Visionary and ambitious plans by the local government are in place to to convert all of Shenzhen’s public vehicular transport to electric – including buses and all taxis – over the next five years.
Known as ‘Dragon Boat Festival’ to the west, in fact it’s real name in Chinese is Duānwǔ Jié. The fifth day of the fifth lunar month is a national public holiday in Greater China, and this year it fell on the 12th of June (Wednesday). I was fortunate enough to experience the event in Shenzhen, and Hong Kong. Legend has it that the festival commemorates the death of poet Qu Yuan (c. 340–278 BCE) of the ancient state of Chu during the Warring States Period of the Zhou Dynasty.
Qu was a descendant of the Chu royal house who held a high status government position. However, when the king decided to collaborate with the increasingly powerful state of Qin, Qu was accused of treason for opposing the coalition. Because of this he was subjected to go into. During his time in exile, Qu wrote poetry, most of which derived from his dreams and aspirations in life, and his enigmatic vision for how he perceived the future of the land to be like. Twenty-eight years after his exile started, Qin captured Ying, the capital city of Chu. Out of sheer misery, and anger, Qu committed suicide by drowning himself in the Miluo River on the fifth day of the fifth lunar month. Till this day, that day is noted as the Dragon Boat Festival.
The story goes on to say that the local people dropped sticky rice triangles wrapped in bamboo leaves into the river to feed the fish. The rice was wrapped so that fish would not eat Qu Yuan's body and would instead eat the rice. This is said to be the origin of Zongzi- the name given to the triangle shaped sticky rice wrapping. The local people were also said to have paddled out on boats, either to scare the fish away or to retrieve his body. This is said to be the origin of dragon boat racing. Every year on this day, crowds gather to take part in Dragon Boat races, and eat the Zongzi. On the official Dragon Boat Festival day itself, many restaurants around the country offer the Zongzi as a starter before the main meal.
If you are looking for some of the best Japanese food in Shenzhen, then head down to Nanshan where there is a tiny lane that contains some of the finest Japanese food and service around town.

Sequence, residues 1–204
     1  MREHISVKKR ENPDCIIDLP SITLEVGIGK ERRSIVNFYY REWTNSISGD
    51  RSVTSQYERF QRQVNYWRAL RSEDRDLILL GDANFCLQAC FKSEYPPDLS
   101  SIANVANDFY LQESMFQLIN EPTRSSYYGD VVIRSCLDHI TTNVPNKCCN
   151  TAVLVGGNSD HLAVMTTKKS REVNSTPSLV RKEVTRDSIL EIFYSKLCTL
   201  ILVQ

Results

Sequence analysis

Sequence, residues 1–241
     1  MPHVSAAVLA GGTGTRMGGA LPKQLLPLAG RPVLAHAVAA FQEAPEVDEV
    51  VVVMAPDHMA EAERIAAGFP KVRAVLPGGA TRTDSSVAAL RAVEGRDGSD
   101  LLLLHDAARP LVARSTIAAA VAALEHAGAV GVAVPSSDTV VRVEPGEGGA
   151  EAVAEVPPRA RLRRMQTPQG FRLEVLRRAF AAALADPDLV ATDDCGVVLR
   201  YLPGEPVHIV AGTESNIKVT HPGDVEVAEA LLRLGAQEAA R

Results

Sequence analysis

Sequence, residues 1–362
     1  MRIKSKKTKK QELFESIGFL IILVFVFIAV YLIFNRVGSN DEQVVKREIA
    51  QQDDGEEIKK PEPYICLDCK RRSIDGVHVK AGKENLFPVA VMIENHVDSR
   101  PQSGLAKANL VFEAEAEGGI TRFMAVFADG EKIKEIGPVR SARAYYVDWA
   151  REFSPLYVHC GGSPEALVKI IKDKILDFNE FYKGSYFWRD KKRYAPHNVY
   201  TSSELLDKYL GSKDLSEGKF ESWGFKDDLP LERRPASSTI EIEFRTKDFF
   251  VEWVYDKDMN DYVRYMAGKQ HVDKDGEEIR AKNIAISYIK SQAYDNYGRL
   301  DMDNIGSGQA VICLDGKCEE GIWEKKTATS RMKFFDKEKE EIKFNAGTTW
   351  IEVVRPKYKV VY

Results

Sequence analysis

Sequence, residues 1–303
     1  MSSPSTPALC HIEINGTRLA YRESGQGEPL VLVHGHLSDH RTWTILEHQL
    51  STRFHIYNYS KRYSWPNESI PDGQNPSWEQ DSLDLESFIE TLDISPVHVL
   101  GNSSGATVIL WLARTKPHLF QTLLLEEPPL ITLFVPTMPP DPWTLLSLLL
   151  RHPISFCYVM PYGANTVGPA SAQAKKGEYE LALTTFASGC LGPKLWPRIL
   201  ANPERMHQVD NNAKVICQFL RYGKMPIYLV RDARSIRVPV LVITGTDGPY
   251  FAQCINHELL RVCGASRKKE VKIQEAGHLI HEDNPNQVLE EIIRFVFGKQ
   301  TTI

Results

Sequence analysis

Neatly hidden behind the Holiday Inn Donghua in Nanshan (on Nan Hai Da Dao, and opposite Shenzhen Book City, and close to Shenzhen Coastal City- 南山区 海岸城), this quiet lane provides a few restaurants where you can experience authentic Japanese cuisine at its best (complete with strong sake!).
Before I left for China, two of my close friends, both of whom have very young babies, asked me to bring baby milk powder from the UK because they did not want to take a risk by giving their babies milk powder that has been manufactured in mainland China (even if the manufacturer is a multinational company). Hence I automatically became an honorary 'Baby Milk Tourist' where a 1/3 of my luggage consisted of baby milk powder!!.
In fact the term 'Baby Milk Tourism' is used for Middle Class Chinese parents who are willing to spend money to travel overseas to buy baby milk powder, or import baby milk from overseas. This is in spite of Western supermarkets on the mainland trying their best to build trust by putting up notices to reassure consumers that their milk powder is safe and of a high quality. You only realize how big a news this is once you are in the mainland, and it's very common to see many mainland Chinese people crossing the Hong Kong or Macau borders with tins of baby milk powder in large numbers.
Mistrust of baby milk powder is high in China after the death of several babies due to tainted milk powder being sold. Demand for foreign formula has remained high since six infant deaths, and an estimated 290,000 children fell ill in 2008 from tainted local Chinese products. Reports are rife of Chinese baby milk tourists emptying supermarket shelves in Western countries to meet a perceived shortfall of safe formula in China. In the UK most supermarkets put up a ration of maximum 2 cans of baby milk powder being sold*.
It's got to a stage where people have realized the long term profitable business potential of importing baby milk powder into China. For example, I was shown one Chinese website that promises to deliver baby milk powder cans to Chinese consumers for a price of around RMB 500 (approx. 82 USD) per can which includes all postage and insurance. To put things in prospective, normally a can of baby powder milk (as shown in photos below) costs around RMB 90 (approx. 15 USD) in most European countries, so you can see that this has become a business opportunity for many.